Hearnv.Paris Police Dept

United States Court of Appeals, Fifth CircuitNov 13, 2009
354 Fed. Appx. 78 (5th Cir. 2009)

No. 08-41295 Summary Calendar.

November 13, 2009.

Felix L. Hearn, Navasota, TX, pro se.

Darren Keith Coleman, Boon, Shaver, Echols Coleman, Longview, TX, for Defendants-Appellees.

Appeal from the United States District Court for the Eastern District of Texas, USDC No. 4:08-CV-184.

Before KING, BARKSDALE, and GARZA, Circuit Judges.

Proceeding pro se, Felix L. Hearn, Texas prisoner # 1412280, appeals the dismissal of his 42 U.S.C. § 1983 complaint. In district court, Hearn claimed: he was improperly arrested after he was assaulted on his own property; he had a right to defend himself and his family against an intruder; the arresting officers failed to investigate the circumstances surrounding the incident; his witness' statements were not included in the state record; and he was improperly induced to waive his right to appeal his criminal conviction. The district court granted the defendants' summary-judgment motion, holding Hearn's claims constituted a challenge to his conviction and were barred by Heck v. Humphrey, 512 U.S. 477, 490, 114 S.Ct. 2364, 129 L.Ed.2d 383 (1994). Additionally, the court ruled the Paris Police Department was not a legal entity subject to suit.

Hearn's scant appellate brief, consisting primarily of fragments, does not challenge the district court's reasons for dismissing his claims. Federal Rule of Appellate Procedure 28(a)(9) requires the appellant's brief contain his "contentions and the reasons for them, with citations to the authorities and parts of the record on which the appellant relies" and "for each issue, a concise statement of the applicable standard of review". "Although we liberally construe briefs of pro se litigants and apply less stringent standards to parties proceeding pro se than to parties represented by counsel, pro se parties must still brief the issues and reasonably comply with the standards of Rule 28." Grant v. Cuellar, 59 F.3d 523, 524 (5th Cir. 1995). Furthermore, our court will not raise legal issues Hearn has failed to assert; such issues are deemed abandoned. E.g., Brinkmann v. Dallas County Deputy Sheriff Abner, 813 F.2d 744, 748 (5th Cir. 1987).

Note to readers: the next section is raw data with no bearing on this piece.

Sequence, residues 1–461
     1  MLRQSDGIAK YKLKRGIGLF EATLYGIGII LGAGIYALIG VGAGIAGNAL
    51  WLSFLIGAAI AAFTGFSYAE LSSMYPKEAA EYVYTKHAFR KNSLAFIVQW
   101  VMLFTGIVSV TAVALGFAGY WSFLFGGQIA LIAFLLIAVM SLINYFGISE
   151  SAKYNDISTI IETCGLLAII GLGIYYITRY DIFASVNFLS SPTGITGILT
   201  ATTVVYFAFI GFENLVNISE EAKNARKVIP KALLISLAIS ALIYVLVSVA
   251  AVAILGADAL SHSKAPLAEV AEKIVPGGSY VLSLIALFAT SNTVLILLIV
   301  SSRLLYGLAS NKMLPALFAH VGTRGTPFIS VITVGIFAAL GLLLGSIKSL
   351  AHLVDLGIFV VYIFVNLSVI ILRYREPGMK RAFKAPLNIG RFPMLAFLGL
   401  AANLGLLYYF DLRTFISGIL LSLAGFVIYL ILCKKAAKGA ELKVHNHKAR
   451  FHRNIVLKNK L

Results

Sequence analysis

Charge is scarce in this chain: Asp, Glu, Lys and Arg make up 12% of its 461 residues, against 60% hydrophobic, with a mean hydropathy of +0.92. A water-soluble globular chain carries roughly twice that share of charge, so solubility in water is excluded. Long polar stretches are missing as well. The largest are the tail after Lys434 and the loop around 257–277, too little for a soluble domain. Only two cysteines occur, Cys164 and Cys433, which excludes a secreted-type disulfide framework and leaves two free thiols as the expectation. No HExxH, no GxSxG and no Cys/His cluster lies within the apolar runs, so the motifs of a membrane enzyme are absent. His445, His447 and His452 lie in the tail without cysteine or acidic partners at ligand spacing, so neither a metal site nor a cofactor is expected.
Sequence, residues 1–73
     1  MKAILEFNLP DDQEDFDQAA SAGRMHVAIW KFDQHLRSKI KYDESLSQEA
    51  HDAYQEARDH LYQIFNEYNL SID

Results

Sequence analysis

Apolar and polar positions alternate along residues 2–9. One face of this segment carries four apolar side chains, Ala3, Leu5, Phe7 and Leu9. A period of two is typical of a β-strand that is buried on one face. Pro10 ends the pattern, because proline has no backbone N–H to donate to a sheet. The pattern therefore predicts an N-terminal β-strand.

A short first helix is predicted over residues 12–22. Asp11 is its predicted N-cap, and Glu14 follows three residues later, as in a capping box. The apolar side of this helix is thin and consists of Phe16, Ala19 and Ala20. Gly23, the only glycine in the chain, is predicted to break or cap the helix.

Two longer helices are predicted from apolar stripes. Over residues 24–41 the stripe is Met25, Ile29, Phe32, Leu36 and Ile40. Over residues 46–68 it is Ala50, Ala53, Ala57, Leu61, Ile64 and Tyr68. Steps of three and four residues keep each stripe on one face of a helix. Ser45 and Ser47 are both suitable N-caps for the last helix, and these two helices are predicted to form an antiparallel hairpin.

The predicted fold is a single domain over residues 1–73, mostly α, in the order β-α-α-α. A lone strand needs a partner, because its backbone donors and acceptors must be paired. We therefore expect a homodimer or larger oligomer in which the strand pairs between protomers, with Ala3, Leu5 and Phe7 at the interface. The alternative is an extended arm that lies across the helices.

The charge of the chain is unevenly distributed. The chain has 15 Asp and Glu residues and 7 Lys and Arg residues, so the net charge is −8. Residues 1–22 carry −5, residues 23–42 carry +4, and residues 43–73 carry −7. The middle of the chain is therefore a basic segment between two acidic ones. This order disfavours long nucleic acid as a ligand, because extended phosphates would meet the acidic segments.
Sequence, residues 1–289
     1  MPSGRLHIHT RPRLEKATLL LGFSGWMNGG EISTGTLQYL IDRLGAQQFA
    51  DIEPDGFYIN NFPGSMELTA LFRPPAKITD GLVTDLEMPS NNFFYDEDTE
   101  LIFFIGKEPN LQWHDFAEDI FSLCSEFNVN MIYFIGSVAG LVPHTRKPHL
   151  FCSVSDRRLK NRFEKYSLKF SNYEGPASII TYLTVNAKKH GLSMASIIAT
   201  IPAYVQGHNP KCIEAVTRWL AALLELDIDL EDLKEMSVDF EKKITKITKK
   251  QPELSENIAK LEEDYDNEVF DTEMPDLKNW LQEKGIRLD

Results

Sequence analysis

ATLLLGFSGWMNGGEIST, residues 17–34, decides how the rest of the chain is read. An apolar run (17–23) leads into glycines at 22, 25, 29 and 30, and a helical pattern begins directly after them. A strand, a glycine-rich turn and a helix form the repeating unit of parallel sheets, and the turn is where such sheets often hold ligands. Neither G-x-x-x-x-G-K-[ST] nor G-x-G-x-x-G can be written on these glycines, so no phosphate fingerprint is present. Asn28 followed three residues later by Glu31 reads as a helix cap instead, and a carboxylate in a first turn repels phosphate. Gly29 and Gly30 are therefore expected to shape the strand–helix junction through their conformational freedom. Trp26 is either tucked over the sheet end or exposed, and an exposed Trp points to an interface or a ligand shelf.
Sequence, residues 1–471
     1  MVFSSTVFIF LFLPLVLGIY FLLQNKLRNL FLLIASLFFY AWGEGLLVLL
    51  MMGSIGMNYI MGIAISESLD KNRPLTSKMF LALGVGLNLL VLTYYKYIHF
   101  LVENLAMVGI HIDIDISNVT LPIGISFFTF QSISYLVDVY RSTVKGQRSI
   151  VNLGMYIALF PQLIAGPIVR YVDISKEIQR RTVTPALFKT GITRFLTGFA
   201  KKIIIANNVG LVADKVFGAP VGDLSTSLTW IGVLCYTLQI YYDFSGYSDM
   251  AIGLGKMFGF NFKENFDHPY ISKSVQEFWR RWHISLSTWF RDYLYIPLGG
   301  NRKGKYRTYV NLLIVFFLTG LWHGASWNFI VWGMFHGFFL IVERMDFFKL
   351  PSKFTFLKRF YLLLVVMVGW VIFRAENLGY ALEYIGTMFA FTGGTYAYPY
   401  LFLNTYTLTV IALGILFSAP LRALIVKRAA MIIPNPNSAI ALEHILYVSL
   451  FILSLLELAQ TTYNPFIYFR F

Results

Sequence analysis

In sum, Hearn does not contend his claims did not constitute a challenge to his conviction or that the Paris Police Department constituted a proper defendant. His only statement that arguably raises a challenge to the district court's proceeding is the general assertions that the court required him to satisfy standards and deadlines that were impossible in the light of Hearn's incarceration. Hearn does not provide any specifics, however, such as which deadline he was unable to meet.

Hearn's appeal is without merit and is therefore frivolous. See Howard v. King, 707 F.2d 215, 219-20 (5th Cir. 1983). Because the appeal is frivolous, it is dismissed. 5TH CIR. R. 42.2. Hearn is warned: the dismissal of this appeal counts as a strike for purposes of 28 U.S.C. § 1915(g). See Adepegba v. Hammons, 103 F.3d 383, 387-88 (5th Cir. 1996). Hearn is also warned that if he accumulates three strikes, he will not be allowed to bring a civil action or appeal a judgment in forma pauperis unless he is "under imminent danger of serious physical injury". 28 U.S.C. § 1915(g).